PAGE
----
Science

The Colors in the James Webb Space Telescope Photos Are Fake

And that’s OK.

A blue sky in outer space speckled with stars. Giant plumes of orange-red gas cover half the frame. They look like fluffy, bejeweled mountains. The image evokes the word "majestic."
NASA

Imagine zipping around the Carina nebula. Featured among the new images from the James Webb Space Telescope, the plume-y clouds act as a “stellar nursery” where stars are formed.

You’d see some bright infant stars, and glowing gas; perhaps it would look pinkish, or white. But you wouldn’t see the blue or terracotta featured in the NASA photos. That’s because the JWST images aren’t your standard photographs. They’re the product of some nifty processing.

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The images from JWST like the one of the Carina nebula and the deep field image are composed from data from the infrared spectrum, which has a longer wavelength than visible light, and is sometimes called “heat radiation.” Infrared radiation isn’t just an outer space thing—you and I give off infrared light, too. Some animals, like snakes, can see infrared light through specialized organs, but human cells in the retina aren’t adapted to seeing infrared (except under very specific circumstances, or with the assistance of night vision goggles). Humans can only see a fraction of the electromagnetic spectrum with the naked eye. This fraction, commonly called visible light, is tiny compared to the whole spectrum.

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Many of the objects captured by the JWST give off visible light, as well as infrared. So, why bother looking at the sky using an infrared telescope? Some objects are only visible to us in infrared because they aren’t very bright (like planets that don’t emit visible light by themselves) or because dust is blocking the visible light. For objects that are really far away, the light they emit gets stretched out, going from visible to infrared, a phenomenon called redshifting, Alice Shapley, an astronomy professor at UCLA explained to me. This happens because the universe is expanding. The Carina nebula is within our home galaxy, so it’s not far away enough to get redshifted. But many galaxies in the deep field image are far away enough that the light they emit does get redshifted, leaving scientists to translate it back into a form that our eyes can understand.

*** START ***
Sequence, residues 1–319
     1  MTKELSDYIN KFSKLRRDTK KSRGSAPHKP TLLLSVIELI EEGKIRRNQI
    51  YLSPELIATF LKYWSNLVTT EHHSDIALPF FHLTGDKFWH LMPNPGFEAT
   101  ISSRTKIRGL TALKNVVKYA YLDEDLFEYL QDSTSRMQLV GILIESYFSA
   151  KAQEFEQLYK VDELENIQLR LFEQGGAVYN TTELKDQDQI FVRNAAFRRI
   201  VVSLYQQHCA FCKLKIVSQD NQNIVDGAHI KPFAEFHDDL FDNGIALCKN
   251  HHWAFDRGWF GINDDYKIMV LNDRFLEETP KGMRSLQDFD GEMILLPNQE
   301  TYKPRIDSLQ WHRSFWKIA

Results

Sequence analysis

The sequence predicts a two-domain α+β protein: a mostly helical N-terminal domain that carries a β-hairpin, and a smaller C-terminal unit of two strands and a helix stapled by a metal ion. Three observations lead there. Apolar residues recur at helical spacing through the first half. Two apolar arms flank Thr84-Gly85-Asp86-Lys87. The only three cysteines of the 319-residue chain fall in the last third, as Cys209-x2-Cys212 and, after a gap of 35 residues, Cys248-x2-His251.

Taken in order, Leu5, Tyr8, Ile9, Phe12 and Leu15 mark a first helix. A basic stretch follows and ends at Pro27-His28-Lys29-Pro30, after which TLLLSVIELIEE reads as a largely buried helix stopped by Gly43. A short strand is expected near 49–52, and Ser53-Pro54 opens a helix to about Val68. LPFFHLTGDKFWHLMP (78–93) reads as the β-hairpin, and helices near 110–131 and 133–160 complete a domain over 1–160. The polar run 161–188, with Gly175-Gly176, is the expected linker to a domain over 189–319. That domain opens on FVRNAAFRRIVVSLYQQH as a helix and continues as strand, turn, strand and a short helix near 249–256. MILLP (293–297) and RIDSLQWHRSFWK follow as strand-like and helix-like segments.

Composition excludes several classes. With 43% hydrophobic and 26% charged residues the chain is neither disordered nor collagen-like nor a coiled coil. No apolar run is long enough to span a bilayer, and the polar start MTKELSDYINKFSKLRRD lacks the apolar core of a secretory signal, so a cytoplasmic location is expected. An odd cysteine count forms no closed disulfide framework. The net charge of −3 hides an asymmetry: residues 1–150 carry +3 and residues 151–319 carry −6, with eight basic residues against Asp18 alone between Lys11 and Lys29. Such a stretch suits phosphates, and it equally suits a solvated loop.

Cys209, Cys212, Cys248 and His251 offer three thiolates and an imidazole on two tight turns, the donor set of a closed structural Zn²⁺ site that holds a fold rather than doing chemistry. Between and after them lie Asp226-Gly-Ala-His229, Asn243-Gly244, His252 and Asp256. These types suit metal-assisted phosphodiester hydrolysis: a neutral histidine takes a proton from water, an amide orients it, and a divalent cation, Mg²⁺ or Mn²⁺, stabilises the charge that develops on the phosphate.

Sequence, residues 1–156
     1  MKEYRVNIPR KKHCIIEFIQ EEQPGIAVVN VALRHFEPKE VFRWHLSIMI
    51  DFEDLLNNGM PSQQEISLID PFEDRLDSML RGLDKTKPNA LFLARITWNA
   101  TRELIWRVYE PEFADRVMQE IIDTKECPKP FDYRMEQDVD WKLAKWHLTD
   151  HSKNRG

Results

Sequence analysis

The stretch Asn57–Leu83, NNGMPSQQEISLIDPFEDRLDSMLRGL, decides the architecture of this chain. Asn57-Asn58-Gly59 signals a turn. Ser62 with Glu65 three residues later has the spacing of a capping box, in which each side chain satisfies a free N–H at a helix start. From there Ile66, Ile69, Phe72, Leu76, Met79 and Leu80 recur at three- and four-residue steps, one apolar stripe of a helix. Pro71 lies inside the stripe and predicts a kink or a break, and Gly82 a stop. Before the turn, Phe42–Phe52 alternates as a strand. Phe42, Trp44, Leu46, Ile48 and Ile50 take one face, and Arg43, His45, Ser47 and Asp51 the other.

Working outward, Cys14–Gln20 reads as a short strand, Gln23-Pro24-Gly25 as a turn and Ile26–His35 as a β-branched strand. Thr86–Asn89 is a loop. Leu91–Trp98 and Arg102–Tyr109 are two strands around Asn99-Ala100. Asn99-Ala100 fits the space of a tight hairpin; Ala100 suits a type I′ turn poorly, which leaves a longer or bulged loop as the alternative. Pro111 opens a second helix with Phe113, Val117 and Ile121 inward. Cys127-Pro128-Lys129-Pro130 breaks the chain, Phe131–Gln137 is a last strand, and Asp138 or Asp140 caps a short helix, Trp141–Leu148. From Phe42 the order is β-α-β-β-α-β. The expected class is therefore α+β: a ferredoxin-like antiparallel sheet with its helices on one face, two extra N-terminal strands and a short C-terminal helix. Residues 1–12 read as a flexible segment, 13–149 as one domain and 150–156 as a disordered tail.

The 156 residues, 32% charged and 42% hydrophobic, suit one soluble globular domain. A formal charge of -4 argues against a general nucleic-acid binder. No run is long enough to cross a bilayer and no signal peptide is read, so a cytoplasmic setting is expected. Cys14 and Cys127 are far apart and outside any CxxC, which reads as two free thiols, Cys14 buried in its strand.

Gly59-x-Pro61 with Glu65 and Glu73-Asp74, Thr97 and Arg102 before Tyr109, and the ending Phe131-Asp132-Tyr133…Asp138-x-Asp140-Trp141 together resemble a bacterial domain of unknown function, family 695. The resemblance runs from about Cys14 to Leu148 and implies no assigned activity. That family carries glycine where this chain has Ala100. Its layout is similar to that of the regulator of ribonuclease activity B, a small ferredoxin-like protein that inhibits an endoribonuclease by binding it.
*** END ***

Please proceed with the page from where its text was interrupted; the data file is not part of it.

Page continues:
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To make the images circulating now, Shapley explained, the JWST used its infrared cameras to collect several “brightness images” in grayscale. Six filters each captured different wavelengths of infrared light. Back on Earth, each filter was assigned a color. The filter capturing the longest wavelength was red; the filter capturing the shortest wavelength was blue, with the other colors in between. By combining these images, the final composite image features all of the colors visible in the photos circulating now.

But if the Carina nebula or the swath of galaxies don’t technically “look like that,” why go through the trouble creating the colorful images? On a practical level, it helps scientists analyze them. Going through reams of infrared data and cross-referencing it with a grayscale image is difficult. But by assigning different wavelengths a color, scientists can pick out “objects of interest” that they’d like to study more, explains Alexei Fillipenko, a professor of astronomy at UC Berkeley. “If it were just a matrix of numbers or just a zillion numbers flashed across our TV screen, giving the digital value of the infrared radiation of a particular wavelength at a particular location in the sky … that’s not something that our eye-brain combination is developed evolutionarily to quickly analyze,” he said.

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Another reason is “to capture people’s imaginations,” says Shapley. The telescope cost around $10 billion, so NASA has an incentive to show the taxpayers all that money and the many, many delays were all worth it. A bunch of gray images and data definitely would not trend on Twitter, but the images they shared were inescapable.

Along with capturing imaginations and showing everyone that NASA’s new toy works, there’s an even simpler reason to do all this: It looks pretty. Just take a minute to look at the “cosmic cliffs” lapping like a wave over inky blues and blacks. Think about it as a little art collaboration between scientific instruments and imagination. If we’re going to spend billions of dollars on a giant space telescope, these are the screensavers I want to be getting out of it.

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